Round Rock ISD trustees will set workshop to discuss next steps following failed May 6 bond election

Round Rock ISD's proposed sixth high school was a major part of the district's failed bond election.

Round Rock ISD's proposed sixth high school was a major part of the district's failed bond election.

Round Rock ISD’s board of trustees will hold a workshop on a yet-to-be-determined date to decide how to move forward after the district’s $572.09 million bond package was rejected by voters May 6, board president Diane Cox said Thursday.


All three propositions in RRISD’s bond election package failed during the election. The propositions included funding for a slew of proposed projects, including a new $150 million high school on Pearson Ranch Road in Austin and $22 million that would go toward the construction of an indoor aquatic center, which was proposed to be developed in partnership with the city of Round Rock.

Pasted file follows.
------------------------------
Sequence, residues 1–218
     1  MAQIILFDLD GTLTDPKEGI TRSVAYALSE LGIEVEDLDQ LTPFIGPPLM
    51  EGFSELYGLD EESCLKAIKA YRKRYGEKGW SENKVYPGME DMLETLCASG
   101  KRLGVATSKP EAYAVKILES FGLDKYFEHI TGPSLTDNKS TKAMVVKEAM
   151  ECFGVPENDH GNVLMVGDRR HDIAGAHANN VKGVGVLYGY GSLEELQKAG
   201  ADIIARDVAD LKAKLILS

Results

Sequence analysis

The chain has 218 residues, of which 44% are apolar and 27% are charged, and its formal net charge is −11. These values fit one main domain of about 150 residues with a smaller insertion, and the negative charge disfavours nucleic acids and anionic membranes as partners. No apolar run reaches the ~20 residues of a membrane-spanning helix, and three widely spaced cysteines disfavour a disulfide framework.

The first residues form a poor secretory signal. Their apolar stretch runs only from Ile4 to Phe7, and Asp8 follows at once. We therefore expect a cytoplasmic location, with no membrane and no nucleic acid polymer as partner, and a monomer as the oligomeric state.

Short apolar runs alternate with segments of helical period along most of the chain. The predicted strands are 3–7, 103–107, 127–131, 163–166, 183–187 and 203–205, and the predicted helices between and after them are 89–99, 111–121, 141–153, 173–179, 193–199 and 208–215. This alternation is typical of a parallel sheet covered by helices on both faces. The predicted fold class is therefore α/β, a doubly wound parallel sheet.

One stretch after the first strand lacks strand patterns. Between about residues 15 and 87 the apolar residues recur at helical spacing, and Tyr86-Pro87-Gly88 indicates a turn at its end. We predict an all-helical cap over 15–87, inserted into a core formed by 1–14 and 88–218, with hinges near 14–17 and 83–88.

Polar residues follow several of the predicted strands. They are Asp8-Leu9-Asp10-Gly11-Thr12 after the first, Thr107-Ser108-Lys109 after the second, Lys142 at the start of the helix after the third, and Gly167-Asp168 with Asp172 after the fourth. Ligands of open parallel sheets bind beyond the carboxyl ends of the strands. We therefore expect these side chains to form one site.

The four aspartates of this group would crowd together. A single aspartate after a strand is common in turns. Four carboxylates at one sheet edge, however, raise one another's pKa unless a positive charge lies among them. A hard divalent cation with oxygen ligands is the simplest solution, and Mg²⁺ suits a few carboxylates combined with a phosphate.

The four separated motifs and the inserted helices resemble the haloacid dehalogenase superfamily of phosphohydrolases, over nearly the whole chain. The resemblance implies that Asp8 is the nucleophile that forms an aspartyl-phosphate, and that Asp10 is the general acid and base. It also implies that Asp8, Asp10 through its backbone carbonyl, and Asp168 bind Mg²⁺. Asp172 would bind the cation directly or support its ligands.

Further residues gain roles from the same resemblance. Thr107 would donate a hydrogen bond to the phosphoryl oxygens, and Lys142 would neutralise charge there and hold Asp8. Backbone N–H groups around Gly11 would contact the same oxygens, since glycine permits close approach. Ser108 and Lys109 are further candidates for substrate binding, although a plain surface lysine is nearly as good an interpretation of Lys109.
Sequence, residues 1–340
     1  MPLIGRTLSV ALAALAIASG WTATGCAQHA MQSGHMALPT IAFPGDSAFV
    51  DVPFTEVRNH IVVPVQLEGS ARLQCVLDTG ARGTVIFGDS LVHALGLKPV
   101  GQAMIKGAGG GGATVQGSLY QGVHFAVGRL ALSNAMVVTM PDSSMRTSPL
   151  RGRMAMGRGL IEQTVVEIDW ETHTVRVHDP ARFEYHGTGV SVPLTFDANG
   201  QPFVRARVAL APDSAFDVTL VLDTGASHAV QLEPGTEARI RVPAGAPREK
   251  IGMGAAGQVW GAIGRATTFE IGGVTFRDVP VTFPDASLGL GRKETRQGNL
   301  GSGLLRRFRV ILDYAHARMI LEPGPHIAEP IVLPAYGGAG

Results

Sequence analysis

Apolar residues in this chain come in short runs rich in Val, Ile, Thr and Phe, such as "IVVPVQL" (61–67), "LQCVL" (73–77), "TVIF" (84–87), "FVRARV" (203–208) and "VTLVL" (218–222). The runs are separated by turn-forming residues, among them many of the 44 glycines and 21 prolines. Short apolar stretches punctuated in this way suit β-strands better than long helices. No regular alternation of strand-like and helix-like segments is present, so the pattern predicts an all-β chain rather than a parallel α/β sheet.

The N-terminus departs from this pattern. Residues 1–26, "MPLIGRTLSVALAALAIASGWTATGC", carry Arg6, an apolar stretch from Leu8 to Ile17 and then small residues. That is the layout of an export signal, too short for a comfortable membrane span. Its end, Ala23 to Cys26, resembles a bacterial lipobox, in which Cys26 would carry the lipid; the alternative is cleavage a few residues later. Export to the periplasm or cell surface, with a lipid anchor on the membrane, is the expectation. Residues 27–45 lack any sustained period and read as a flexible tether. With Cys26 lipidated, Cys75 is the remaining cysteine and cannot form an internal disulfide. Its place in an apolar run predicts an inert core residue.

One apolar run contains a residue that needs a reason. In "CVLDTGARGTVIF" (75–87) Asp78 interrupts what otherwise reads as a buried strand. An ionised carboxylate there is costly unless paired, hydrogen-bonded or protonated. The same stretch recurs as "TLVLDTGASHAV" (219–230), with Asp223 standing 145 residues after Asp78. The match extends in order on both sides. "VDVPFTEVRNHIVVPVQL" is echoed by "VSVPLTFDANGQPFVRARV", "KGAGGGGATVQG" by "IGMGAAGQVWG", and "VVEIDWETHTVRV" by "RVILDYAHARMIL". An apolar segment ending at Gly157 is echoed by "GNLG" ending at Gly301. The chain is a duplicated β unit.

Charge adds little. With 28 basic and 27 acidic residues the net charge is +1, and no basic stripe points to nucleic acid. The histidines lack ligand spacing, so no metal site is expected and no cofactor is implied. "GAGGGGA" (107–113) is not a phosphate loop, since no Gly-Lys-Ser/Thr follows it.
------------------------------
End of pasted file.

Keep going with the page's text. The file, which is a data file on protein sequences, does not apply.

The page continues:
District trustees heard comments Thursday from several bond opponents who asked them to heed the message from voters who turned down the bond propositions. During the lead-up to the election, bond opponents criticized the cost of the bond package and district officials’ estimate of how much the bonds would increase annual taxpayer bills.


Patrick McGuinness of the Round Rock Parents and Taxpayers Association, which campaigned against the bond, urged trustees to “take ownership” of the failed election and move the district’s leadership in a new direction for any future bond planning. He also asked the board to investigate the district administration’s methods of providing public information on the bond proposals prior to the election, which he said looked more to him like an improper “get out the vote” operation.


“I said it election night and I’ll say it again: The bonds failed because they deserved to fail,” he told trustees Thursday.


RRISD Superintendent Steve Flores said parents and community members should stay engaged as trustees decide how to move forward. Flores said district officials plan to issue a survey and hold “community dialogue opportunities.”


“It is time to come together because we are one family,” Flores said.



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